decided that because private law remedies for carers were in fact available
in limited circumstances on various bases including the equitable doctrine
of proprietary estoppel,58 the English Inheritance (Provision for Family
54. Care Act 2014: Explanatory Notes (London: Stationery O ce, 2014)
at para 57, online:
55. Compare Carers (Recognition and Services) Act 1995, supra note 43, s 1(1)
(b), and Care Act, supra note 6, s 10(3).
56. Herring, Caring and the Law, supra note 10 at 143.
57. See e.g. Sloan, supra note 8 at 12-20.
58. See e.g. Jennings v Rice, [2002] EWCA Civ 159 and Sloan, supra note 8
at 30-90; c.f. ibid at 91-120 for an argument that a statutory solution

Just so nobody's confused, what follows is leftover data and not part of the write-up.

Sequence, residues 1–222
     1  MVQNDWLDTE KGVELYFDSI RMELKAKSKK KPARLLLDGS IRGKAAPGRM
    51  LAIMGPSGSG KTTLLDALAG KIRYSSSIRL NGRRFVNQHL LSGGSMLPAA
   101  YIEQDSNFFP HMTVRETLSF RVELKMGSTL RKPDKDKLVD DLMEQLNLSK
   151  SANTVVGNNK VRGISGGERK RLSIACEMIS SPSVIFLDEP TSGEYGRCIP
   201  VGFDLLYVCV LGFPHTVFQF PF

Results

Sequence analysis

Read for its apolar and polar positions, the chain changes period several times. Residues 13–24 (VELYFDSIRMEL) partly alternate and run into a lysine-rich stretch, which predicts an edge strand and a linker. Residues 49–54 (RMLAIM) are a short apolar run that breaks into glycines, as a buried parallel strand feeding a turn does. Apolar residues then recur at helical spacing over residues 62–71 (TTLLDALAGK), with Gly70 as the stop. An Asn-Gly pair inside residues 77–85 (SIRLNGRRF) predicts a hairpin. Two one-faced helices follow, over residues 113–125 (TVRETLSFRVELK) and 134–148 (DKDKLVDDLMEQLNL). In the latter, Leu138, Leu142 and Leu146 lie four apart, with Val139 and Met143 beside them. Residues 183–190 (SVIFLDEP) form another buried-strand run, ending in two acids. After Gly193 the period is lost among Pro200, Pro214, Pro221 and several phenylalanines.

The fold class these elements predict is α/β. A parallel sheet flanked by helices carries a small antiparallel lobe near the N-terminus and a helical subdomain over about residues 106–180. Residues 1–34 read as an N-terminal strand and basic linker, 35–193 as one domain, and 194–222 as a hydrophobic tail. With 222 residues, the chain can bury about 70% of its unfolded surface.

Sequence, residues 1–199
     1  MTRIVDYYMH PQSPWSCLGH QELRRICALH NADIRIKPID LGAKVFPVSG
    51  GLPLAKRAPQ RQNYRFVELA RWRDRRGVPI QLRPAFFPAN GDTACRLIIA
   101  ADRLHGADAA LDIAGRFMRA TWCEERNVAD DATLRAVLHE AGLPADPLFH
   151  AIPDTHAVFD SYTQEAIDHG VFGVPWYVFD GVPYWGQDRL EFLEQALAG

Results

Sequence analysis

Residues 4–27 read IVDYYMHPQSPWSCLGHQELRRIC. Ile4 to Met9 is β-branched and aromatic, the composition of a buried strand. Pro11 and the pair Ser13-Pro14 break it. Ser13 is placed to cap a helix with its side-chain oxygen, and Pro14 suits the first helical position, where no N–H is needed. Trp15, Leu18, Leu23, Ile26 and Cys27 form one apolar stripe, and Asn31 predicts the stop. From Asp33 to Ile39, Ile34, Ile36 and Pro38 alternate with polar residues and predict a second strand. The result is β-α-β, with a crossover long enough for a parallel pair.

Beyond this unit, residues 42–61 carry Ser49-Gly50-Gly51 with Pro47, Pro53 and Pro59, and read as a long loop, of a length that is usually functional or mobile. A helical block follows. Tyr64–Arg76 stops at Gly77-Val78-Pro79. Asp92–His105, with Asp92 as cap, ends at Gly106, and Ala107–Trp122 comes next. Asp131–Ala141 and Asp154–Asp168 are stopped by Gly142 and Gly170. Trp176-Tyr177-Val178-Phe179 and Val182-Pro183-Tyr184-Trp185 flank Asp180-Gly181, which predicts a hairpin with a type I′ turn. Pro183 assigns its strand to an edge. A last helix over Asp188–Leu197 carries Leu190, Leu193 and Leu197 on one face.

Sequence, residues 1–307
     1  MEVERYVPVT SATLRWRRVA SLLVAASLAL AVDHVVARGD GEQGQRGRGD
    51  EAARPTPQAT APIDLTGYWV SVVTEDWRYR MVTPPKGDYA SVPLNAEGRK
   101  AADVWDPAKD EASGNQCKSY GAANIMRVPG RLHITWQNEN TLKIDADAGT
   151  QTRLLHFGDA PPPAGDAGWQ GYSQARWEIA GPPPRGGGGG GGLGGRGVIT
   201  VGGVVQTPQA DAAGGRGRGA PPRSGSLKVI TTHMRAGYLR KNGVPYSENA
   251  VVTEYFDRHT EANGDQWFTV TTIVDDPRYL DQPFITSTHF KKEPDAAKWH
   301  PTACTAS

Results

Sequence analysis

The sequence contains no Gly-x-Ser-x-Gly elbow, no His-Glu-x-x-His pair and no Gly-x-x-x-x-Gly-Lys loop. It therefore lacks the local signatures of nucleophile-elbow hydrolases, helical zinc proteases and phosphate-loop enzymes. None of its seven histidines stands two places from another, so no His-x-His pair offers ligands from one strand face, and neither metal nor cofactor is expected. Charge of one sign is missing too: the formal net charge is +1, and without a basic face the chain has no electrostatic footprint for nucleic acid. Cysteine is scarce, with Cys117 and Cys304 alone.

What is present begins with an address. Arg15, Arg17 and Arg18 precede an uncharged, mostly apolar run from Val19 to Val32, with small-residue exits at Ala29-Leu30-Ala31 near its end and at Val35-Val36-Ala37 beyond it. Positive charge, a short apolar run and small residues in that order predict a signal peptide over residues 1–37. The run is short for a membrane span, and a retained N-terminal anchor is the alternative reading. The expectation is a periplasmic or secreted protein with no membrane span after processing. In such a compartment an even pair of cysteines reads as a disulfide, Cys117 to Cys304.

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and Dependants) Act 197559 and equivalent legislation elsewhere,60 the
cases in which this occurred were worthy of rationalisation and analysis
irrespective of the state support question.
Given that the system of state support in England is likely to remain
stretched for the foreseeable future, it may nevertheless become necessary
to use private law remedies in order to adequately support and encourage
informal care for elderly and disabled people where appropriate resources
exist on the part of care recipients.  is is particularly true in light of
fears that the availability of informal care will be reduced in the years
to come.61 Mika Oldham therefore pragmatically advocates a system
of “successional priority” for informal carers, which would give them a
prioritised right of provision from the care recipient’s estate.62 It is telling